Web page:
ARCA SGR claimed line honours in the 2022 Regata dei Tre Golfi and is favourite to do so again this year into Naples. Photo: Rolex/Studio Borlenghi

This year ARCA SGR faces some serious competition from the trio of Wallycentos – Chris Flowers’ Galateia, Sir Lindsay Owen-Jones’ Magic Carpet Cubed and Karel Komárek’s V (ex Tango) – and Andrea Recordati’s Wally 94 Bullitt. Bullitt started the 2023-24 MMOC strongly, winning the Rolex Middle Sea Race outright. Two weeks ago Galateia won PalmaVela and has been dominant over the last two seasons while Magic Carpet Cubed, with overall and line honours wins in past Rolex Giraglias, is perhaps the specialist in this kind of race.

The Magic Carpet team competed in the Regata dei Tre Golfi in their first boat more than 25 years ago and the recollection of skipper Danny Gallichan of it being a long light race. Today a key crew is navigator Marcel van Triest. Of the weather he says: “With the 1630 start, the sea breeze will be light and dying out. There will be a park-up at 1930-2000 for about three hours, when the drainage breeze will start filling in from the northeast. Hopefully that will get us to Ponza, where it will be around 7-10 knots. Then it will be upwind into the mid-teens on Saturday afternoon when we’re expecting some thunderstorms.” The towering Dutchman says they should take 24-28 hours. “The difference between two and four knots of wind is so big – two knots you are parked and four knots you are sailing at six knots.”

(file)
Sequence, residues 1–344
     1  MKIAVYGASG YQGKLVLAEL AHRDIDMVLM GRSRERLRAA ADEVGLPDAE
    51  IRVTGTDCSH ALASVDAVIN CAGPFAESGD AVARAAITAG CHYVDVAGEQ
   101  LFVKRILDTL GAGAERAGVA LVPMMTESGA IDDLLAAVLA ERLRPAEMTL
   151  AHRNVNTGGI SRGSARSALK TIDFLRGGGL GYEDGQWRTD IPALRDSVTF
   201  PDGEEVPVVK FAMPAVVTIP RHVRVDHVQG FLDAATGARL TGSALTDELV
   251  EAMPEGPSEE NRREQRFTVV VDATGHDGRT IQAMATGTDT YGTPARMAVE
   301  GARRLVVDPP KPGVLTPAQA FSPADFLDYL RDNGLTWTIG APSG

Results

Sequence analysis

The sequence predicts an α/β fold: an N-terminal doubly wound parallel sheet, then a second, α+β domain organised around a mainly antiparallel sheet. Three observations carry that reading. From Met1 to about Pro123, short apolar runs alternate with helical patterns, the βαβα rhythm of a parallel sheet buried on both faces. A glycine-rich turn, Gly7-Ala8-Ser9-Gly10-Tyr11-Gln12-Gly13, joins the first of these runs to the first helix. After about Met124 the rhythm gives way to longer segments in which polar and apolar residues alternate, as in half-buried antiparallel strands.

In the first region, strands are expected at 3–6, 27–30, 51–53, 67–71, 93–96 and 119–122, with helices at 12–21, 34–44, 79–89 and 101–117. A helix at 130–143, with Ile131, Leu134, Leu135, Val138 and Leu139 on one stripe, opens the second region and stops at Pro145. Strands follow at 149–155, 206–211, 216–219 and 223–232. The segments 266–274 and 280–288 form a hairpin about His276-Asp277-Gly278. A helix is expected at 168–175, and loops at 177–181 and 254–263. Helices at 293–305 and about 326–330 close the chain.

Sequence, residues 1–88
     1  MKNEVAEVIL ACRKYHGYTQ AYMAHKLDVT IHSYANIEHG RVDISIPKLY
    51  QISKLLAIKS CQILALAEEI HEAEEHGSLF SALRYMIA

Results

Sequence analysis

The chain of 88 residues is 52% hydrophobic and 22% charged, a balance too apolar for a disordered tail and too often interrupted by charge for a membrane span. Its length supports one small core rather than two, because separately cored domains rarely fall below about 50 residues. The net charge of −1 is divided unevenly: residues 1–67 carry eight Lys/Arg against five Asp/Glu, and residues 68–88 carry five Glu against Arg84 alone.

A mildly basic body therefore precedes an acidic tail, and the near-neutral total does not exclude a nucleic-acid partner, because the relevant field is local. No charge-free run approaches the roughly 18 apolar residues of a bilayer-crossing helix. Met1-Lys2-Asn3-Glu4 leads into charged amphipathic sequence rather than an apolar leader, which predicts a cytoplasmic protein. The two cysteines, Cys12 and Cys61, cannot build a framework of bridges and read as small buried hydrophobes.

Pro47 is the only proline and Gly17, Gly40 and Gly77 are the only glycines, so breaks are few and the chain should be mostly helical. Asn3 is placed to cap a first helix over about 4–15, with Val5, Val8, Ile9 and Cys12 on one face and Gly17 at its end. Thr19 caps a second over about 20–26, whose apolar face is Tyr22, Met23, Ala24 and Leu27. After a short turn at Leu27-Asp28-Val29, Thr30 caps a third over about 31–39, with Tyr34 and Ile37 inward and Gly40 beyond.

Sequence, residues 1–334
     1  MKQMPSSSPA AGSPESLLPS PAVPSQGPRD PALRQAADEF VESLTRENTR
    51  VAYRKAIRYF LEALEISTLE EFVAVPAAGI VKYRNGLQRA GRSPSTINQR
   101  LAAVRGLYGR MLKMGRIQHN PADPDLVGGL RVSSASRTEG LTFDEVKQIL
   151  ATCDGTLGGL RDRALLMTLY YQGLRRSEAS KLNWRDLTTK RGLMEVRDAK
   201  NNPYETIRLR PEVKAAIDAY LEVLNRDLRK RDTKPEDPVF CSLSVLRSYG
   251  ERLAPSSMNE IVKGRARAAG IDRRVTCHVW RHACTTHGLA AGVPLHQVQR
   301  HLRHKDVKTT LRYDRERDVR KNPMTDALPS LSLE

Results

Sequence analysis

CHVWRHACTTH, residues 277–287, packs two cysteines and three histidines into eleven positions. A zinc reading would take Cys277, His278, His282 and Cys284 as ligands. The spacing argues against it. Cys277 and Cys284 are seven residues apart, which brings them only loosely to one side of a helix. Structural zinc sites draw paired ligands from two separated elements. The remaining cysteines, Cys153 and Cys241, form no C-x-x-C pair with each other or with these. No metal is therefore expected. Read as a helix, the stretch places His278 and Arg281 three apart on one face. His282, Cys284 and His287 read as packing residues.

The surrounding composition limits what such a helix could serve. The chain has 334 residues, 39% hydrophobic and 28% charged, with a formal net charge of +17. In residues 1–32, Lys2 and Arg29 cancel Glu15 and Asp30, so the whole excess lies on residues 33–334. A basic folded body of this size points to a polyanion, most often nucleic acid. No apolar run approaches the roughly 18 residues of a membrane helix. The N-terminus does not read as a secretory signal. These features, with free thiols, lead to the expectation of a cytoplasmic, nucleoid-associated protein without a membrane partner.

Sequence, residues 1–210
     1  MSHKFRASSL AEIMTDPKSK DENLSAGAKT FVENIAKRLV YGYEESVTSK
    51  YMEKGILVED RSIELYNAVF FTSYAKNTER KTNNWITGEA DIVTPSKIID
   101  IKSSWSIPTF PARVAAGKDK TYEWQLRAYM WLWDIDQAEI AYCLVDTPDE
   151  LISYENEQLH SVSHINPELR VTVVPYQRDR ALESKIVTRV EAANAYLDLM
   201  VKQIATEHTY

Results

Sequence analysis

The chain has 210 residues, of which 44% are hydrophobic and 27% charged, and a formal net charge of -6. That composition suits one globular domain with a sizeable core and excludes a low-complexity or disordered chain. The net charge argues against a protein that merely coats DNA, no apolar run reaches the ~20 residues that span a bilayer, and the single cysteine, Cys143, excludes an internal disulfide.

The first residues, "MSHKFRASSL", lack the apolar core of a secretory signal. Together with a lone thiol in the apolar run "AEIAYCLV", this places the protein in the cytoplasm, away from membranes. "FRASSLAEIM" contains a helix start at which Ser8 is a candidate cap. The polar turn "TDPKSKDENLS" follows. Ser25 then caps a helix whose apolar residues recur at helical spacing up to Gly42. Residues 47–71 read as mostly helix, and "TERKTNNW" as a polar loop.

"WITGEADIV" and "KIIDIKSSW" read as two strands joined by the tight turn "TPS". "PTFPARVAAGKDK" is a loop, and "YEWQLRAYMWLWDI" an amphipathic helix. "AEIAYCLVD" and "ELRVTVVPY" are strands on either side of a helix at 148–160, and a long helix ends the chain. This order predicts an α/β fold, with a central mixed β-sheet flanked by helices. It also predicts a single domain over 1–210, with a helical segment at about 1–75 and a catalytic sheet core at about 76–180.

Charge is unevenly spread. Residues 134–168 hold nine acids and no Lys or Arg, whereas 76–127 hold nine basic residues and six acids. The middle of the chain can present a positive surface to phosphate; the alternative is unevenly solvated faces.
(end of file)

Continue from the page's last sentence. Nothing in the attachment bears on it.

There will also be top competition between the former Maxi 72s. These are Jethou, Hap Fauth’s Bella Mente, Peter Harrison’s Jolt (ex-Cannonball) hile favourite must be Peter Dubens’ North Star, winner of the last two editions and reigning IMA Maxi European Champion.

Main image: Along with the other Wallycentos, Sir Lindsay Owen-ones’ Magic Carpet Cubed is making her debut at the Regata dei Tre Golfi. Image © IMA/Studio Borlenghi